Hip-Hop has just unthroned Rock as the most consumed genre in the United States, accounting for 25.1% of the total music consumption, against 23% for Rock. We can point to music streaming, sociological factors or even the fact that there has not been a break through world know rock band like the ones in the 60s and 70s to justify this; but undoubtably, this change not only represents a change in the taste of music; but also a change in the music industry, the composition of music and the way we appreciate music. Yes, as much as it pains me to say, Rock has not had any important or noteworthy bands that can stand up to the giants that came before them. However, Hip-Hop has been able to improve, evolve and pivot into more popular, more conceptual, and to a more socially significant position.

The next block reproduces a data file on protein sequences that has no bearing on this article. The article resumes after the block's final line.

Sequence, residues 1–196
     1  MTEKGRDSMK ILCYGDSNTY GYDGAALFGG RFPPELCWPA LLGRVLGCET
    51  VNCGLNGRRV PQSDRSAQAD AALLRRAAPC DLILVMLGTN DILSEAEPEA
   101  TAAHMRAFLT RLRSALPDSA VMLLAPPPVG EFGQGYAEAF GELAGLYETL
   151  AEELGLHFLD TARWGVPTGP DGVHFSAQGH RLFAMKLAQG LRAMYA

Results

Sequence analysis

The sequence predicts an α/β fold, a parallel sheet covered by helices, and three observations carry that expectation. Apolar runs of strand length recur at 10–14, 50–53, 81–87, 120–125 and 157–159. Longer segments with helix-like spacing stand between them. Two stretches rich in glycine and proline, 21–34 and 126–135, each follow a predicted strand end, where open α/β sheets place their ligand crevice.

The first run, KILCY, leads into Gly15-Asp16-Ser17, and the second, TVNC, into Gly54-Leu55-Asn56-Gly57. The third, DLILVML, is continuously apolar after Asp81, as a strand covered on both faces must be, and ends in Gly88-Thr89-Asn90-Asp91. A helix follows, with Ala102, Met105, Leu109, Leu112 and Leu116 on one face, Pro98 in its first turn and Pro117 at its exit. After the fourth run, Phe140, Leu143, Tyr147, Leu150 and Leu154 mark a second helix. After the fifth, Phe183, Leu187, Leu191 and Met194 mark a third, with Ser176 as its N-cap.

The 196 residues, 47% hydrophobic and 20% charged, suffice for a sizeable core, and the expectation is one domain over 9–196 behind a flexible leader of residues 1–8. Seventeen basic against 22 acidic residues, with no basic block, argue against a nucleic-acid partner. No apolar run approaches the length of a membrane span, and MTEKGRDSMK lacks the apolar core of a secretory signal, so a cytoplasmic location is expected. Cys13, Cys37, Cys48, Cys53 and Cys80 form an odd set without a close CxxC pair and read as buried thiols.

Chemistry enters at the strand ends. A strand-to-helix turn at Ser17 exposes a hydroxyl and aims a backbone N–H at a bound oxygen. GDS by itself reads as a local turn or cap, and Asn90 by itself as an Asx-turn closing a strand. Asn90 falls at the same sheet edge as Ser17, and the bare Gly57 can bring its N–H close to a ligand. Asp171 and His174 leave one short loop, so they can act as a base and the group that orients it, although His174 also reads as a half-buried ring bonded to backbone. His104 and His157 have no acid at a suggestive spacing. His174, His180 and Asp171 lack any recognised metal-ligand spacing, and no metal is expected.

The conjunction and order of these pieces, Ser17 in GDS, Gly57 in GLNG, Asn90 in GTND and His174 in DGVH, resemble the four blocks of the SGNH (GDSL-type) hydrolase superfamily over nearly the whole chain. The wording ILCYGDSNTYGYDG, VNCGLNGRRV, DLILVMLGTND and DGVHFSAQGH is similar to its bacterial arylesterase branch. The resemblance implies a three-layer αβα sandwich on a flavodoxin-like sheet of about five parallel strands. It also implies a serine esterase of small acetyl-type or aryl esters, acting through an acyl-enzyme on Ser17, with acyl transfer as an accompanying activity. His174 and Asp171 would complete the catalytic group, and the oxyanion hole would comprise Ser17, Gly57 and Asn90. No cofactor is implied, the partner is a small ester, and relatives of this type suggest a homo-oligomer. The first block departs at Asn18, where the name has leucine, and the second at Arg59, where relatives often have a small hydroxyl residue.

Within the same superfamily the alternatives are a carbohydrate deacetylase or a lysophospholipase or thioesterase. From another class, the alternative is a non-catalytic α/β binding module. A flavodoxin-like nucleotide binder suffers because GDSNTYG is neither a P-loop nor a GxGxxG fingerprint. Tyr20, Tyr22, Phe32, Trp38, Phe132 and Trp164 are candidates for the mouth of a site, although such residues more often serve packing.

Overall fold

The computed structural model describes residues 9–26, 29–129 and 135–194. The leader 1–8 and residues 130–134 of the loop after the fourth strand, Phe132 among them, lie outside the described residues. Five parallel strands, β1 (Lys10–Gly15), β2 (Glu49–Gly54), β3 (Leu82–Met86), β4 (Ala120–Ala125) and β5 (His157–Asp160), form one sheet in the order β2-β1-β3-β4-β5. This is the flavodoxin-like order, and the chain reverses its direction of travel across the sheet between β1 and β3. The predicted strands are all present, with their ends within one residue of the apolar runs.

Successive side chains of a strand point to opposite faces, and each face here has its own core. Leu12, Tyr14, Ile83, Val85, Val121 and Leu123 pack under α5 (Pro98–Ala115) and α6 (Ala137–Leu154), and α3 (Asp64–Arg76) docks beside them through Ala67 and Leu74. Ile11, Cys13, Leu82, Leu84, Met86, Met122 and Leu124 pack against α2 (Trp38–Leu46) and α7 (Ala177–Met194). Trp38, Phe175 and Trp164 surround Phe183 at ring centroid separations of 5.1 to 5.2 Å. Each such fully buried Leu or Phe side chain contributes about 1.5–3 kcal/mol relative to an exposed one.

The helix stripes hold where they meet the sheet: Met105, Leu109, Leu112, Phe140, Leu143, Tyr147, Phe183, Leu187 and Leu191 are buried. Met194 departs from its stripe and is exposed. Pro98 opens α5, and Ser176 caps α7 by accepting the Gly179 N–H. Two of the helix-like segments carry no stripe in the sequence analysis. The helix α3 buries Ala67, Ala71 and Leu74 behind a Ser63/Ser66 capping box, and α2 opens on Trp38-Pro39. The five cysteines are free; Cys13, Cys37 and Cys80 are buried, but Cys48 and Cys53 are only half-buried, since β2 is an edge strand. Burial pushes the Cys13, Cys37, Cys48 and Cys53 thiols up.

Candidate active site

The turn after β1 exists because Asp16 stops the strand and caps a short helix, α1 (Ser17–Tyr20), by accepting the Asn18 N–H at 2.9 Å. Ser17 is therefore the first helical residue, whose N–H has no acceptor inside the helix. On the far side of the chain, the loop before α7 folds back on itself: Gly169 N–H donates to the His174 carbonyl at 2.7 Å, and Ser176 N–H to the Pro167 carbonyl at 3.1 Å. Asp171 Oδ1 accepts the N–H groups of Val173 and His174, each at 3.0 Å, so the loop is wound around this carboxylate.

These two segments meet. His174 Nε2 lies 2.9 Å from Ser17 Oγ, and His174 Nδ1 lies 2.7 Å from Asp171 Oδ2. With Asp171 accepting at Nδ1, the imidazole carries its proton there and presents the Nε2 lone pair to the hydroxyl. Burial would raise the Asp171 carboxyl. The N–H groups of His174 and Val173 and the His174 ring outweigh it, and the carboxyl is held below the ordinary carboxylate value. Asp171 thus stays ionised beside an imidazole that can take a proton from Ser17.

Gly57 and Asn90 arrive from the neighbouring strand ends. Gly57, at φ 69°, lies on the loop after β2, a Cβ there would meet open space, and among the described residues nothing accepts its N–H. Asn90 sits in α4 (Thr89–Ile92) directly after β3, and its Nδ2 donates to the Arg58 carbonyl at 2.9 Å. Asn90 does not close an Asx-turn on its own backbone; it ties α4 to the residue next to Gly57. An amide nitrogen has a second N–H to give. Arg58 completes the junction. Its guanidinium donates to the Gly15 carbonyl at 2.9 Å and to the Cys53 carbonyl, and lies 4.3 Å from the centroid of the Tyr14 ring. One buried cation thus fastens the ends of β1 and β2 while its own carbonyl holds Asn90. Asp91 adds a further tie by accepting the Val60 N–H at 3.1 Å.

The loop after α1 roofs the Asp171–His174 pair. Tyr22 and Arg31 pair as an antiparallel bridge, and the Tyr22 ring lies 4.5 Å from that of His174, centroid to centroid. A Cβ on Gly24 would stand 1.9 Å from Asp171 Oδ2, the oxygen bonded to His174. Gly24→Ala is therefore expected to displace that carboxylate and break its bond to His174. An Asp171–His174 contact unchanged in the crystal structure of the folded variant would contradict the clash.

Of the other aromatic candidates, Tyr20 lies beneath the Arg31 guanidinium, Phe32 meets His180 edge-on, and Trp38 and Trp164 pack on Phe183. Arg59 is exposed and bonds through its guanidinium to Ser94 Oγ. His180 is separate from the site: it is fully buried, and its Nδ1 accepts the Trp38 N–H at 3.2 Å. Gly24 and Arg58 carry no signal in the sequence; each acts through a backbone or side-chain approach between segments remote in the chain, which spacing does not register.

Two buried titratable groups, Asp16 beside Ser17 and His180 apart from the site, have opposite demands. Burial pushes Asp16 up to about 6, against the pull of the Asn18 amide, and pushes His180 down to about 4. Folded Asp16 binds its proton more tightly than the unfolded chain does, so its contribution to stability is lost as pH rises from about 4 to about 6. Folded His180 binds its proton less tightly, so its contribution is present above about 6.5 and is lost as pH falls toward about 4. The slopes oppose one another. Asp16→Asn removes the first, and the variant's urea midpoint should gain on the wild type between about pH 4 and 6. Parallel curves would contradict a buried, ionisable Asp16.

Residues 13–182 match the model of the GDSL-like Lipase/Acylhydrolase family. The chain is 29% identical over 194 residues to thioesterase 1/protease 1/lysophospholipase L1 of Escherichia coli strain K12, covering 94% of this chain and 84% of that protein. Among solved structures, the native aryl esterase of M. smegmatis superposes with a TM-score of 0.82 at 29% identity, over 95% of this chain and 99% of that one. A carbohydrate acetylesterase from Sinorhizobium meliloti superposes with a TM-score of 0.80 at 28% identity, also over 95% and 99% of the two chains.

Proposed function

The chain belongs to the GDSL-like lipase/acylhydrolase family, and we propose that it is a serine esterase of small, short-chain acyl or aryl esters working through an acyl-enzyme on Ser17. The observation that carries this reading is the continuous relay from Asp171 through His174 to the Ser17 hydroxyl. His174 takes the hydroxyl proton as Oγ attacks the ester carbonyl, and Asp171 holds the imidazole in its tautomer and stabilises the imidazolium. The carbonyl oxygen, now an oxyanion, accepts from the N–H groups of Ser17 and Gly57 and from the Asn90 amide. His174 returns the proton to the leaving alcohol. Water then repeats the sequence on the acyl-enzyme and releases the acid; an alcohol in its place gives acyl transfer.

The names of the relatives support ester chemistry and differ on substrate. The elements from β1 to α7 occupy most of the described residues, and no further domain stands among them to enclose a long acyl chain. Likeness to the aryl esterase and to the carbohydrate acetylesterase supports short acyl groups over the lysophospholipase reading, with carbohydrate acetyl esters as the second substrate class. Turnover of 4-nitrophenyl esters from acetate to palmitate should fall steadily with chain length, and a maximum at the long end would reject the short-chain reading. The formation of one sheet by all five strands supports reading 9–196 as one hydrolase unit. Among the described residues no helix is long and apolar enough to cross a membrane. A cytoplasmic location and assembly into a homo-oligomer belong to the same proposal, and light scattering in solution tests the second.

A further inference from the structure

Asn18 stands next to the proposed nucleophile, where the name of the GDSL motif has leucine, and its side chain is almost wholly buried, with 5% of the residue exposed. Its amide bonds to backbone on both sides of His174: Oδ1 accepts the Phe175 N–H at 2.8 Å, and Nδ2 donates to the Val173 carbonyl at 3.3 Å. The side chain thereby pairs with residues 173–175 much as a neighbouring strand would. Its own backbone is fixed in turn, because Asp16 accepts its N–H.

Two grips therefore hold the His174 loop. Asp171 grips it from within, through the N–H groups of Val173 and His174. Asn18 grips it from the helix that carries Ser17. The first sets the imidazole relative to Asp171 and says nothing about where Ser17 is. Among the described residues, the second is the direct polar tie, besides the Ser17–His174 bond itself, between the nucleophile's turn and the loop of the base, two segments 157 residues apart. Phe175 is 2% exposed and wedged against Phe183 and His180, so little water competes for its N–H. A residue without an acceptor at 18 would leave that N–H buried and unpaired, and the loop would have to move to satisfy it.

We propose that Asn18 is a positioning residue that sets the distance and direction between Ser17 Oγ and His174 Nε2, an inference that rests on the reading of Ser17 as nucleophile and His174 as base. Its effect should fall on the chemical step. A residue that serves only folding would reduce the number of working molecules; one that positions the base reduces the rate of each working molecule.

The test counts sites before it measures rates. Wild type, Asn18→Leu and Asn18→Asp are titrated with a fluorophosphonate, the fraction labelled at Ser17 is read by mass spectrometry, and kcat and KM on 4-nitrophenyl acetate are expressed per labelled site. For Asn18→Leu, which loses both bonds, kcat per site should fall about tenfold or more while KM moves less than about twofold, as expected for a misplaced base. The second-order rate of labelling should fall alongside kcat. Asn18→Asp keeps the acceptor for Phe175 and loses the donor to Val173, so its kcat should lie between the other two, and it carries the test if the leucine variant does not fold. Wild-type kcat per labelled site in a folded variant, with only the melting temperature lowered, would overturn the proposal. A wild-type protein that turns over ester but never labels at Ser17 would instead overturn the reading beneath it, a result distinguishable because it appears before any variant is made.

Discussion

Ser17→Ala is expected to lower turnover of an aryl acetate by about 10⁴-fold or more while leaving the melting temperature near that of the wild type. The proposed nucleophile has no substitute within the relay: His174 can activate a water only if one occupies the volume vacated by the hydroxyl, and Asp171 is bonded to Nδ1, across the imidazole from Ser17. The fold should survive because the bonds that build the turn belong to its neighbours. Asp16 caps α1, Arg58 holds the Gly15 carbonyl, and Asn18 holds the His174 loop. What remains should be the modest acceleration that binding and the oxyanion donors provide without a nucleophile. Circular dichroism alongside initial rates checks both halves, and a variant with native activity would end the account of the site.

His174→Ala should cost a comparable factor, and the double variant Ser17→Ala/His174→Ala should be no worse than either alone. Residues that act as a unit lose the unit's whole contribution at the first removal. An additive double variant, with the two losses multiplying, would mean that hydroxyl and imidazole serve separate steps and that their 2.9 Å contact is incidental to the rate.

Different approaches can be taken in this discussion; but due to a restriction in the amount of content I will limit myself to discuss the following.
- Changes in Hip-Hop; specifically rap: We can see that big strides have been made in changing from the ‘thugs and gang members’ of early rap to the artists and visionaries we see today.
- Changes in the music industry: from vinyl to streaming the way we listen to music and even the accessibility of it has changed incredibly in the past 30-40 years.
- Changes in the way music is made: The growth and increase in popularity of sampling, overlaying autotune and other which have favored Hip-Hop over Rock.